Former Hawkeyes Luka Garza signs two-way deal with Minnesota Timberwolves

Former Hawkeyes Luka Garza signs two-way deal with Minnesota Timberwolves
The Minnesota Timberwolves stole all the headlines when they traded multiple first-round picks to land Rudy Gobert. Pairing him with another prominent presence in the paint like Karl-Anthony Towns was a bold, risky move, to say the least. However, the upside was there and some think it was worth the risk.
It was evident from day one that the Timberwolves vastly overpaid for Gobert’s services. However, the prospect of having two of the best big men on Earth canceling each other's flaws made the front office believe they were on to something.
Fast-forward to today, and that hasn’t been the case. That’s why the Timberwolves have had to dig deep into their rotation and around the league to try and find more players who could step up and give them a helping hand while they figure things out.
Notably, that led them to former Iowa Hawkeye Luka Garza, who had a brief tenure with the Detroit Pistons last season. Garza is one of the best Iowa Hawkeyes basketball players in history, breaking several records during his time with the team.
However, upon drafting Jalen Duren, the Pistons declined Garza’s offer and allowed him to become a free agent. Now, he’s joining the Timberwolves on a two-way contract for the remainder of the season:
"For a young big, there's no better environment, with the best offensive big in the league and the best defensive big in the league,” the former Hawkeyes star said upon signing his contract with the Timberwolves.
What’s A Two-Way Deal?
In the NBA, a two-way contract is given to a player who has less than four years of NBA experience. This deal allows him to split time between the franchise’s G-League affiliate while also being called up to play for the first team.
Notably, each franchise can offer up to two two-way contracts, and those deals could be converted into standard contracts at any point in the season, providing the team has enough roster spots available. If not, the player signed to a two-way deal can only play up to 50 games in the NBA, including the playoffs.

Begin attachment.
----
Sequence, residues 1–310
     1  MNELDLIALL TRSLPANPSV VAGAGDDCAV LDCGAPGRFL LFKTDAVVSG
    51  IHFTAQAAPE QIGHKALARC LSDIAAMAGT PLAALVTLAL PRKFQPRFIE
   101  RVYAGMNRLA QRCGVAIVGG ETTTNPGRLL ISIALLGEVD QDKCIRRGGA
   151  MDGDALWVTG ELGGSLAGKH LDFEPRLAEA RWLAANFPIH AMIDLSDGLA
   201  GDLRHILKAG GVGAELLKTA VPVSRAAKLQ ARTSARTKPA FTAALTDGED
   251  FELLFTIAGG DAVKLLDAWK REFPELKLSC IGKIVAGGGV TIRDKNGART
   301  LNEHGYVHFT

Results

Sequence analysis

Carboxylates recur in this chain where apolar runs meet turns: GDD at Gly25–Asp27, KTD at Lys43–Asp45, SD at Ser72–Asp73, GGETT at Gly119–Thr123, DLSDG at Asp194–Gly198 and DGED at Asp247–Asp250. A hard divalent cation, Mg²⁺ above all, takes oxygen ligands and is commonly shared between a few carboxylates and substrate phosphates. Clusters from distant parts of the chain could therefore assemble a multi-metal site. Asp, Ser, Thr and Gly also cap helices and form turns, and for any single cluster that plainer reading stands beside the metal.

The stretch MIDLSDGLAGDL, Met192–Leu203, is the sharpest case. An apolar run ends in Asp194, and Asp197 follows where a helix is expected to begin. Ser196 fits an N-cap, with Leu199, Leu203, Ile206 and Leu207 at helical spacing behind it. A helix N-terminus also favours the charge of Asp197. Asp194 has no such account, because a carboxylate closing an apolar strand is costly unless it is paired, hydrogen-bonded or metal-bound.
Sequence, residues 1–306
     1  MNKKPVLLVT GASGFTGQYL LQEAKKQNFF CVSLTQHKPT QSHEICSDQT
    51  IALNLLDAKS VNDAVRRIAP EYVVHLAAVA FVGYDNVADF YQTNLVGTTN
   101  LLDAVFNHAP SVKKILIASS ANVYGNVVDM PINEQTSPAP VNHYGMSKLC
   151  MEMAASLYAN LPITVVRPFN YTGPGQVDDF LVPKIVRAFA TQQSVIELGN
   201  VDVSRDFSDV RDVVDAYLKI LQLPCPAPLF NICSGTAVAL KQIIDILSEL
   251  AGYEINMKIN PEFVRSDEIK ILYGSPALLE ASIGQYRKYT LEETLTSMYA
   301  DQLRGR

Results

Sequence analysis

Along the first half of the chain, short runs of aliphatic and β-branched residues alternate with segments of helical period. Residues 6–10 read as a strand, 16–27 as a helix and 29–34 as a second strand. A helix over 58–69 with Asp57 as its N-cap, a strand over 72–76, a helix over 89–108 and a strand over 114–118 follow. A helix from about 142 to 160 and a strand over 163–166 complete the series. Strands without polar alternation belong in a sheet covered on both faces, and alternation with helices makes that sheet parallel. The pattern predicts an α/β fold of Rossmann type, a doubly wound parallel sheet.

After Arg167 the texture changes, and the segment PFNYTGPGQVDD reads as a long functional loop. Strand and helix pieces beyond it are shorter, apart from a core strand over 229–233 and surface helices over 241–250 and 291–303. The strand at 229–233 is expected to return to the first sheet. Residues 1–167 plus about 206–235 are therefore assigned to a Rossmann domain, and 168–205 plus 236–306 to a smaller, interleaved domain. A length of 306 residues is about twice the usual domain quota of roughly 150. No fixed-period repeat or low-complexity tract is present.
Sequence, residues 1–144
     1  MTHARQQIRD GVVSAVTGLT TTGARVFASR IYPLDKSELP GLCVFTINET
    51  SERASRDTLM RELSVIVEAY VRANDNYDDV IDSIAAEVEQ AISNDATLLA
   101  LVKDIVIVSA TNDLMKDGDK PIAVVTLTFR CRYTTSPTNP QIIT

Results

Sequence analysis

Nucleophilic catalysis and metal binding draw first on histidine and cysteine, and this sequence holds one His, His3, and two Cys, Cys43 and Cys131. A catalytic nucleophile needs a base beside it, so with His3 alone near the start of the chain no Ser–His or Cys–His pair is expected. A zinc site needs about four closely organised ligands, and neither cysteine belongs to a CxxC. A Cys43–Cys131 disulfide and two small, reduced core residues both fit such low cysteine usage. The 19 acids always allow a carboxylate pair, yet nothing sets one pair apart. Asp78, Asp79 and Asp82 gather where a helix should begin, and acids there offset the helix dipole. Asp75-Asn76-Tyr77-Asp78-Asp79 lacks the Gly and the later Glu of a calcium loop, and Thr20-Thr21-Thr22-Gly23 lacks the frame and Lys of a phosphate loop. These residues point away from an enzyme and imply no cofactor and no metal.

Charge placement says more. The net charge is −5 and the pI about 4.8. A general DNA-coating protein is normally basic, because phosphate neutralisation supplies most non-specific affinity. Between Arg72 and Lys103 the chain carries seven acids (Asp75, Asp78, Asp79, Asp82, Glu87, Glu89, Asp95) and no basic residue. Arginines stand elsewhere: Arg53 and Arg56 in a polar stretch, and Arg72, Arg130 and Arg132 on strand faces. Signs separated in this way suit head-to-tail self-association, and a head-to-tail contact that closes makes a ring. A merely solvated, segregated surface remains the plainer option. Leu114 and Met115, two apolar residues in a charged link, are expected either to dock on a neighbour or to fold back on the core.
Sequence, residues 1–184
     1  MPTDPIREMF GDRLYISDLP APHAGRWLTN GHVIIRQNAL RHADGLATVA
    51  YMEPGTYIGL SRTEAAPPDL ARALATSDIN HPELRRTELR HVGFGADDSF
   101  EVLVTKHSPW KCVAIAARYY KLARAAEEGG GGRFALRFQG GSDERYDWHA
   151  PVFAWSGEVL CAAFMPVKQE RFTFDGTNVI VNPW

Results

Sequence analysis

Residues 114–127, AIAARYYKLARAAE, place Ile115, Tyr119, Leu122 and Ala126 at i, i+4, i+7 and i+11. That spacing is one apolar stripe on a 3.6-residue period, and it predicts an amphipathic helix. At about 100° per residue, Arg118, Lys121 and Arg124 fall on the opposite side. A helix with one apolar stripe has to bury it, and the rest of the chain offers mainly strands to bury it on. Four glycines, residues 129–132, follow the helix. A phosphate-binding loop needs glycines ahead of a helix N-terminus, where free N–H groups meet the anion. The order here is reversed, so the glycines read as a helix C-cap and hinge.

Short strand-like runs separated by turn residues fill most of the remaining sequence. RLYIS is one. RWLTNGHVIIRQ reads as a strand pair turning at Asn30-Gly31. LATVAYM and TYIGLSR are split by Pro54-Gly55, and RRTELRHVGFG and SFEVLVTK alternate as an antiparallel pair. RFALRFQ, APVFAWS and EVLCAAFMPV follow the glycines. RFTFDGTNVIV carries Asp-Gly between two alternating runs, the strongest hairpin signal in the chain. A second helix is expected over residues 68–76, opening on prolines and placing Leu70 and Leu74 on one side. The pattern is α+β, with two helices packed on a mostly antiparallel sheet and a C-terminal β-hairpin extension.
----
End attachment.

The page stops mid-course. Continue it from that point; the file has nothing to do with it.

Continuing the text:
Timberwolves Needed Some Help
Despite having two of the most dominant players in the Association, Gobert and Edwards, the Timberwolves were getting out-hustled and manhandled on both sides of the paint. They made that a point of emphasis when looking to snap their losing skid and look for areas of improvement going forward.
“We’re searching. We have to try to find some answers here,” Timberwolves coach Chris Finch said of their slow start to the season. “There are only certain combinations you can put out there at certain times.”
“I think we’ve got to find a way to be more physical and more gritty with our smalls on the glass,” Finch said. “A lot of the rebounds guys are getting on us are like these 50-50 rebounds that come out to the mid-range. Those should be the ones that our guards are able to get. We’re just not getting those.”
More Moves In The Future?
It’s clear that any new team needs some time to be at their best, find their groove, get to know each other, and develop rapport on and off the court. The Timberwolves signed off for this for the long run, so it’s still too early to sleep on them and count them out.
However, some believe they could be better off by parting ways with D’Angelo Russell, who’s been a shell of himself since arriving in Minnesota and no longer looks like the All-Star guard he was in Brooklyn.
Others think the Timberwolves should build around Anthony Edwards, meaning they should explore the trade market for Karl-Anthony Towns. However, that doesn’t seem likely at this point in the season.